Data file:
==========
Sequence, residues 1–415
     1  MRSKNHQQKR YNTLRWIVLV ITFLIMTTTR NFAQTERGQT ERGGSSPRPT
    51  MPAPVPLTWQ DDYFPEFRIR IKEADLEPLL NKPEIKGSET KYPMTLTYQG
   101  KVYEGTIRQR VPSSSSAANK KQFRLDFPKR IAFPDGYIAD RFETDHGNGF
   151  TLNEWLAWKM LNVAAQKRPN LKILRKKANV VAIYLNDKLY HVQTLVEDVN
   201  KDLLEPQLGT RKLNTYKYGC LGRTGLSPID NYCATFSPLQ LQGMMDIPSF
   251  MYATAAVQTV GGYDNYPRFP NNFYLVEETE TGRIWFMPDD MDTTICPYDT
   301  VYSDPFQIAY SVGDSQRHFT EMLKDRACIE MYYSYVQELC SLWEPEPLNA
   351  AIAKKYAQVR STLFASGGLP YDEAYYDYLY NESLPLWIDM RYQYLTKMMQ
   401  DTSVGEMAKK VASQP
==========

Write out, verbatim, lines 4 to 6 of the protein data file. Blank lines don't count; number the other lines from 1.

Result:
   101  KVYEGTIRQR VPSSSSAANK KQFRLDFPKR IAFPDGYIAD RFETDHGNGF
   151  TLNEWLAWKM LNVAAQKRPN LKILRKKANV VAIYLNDKLY HVQTLVEDVN
   201  KDLLEPQLGT RKLNTYKYGC LGRTGLSPID NYCATFSPLQ LQGMMDIPSF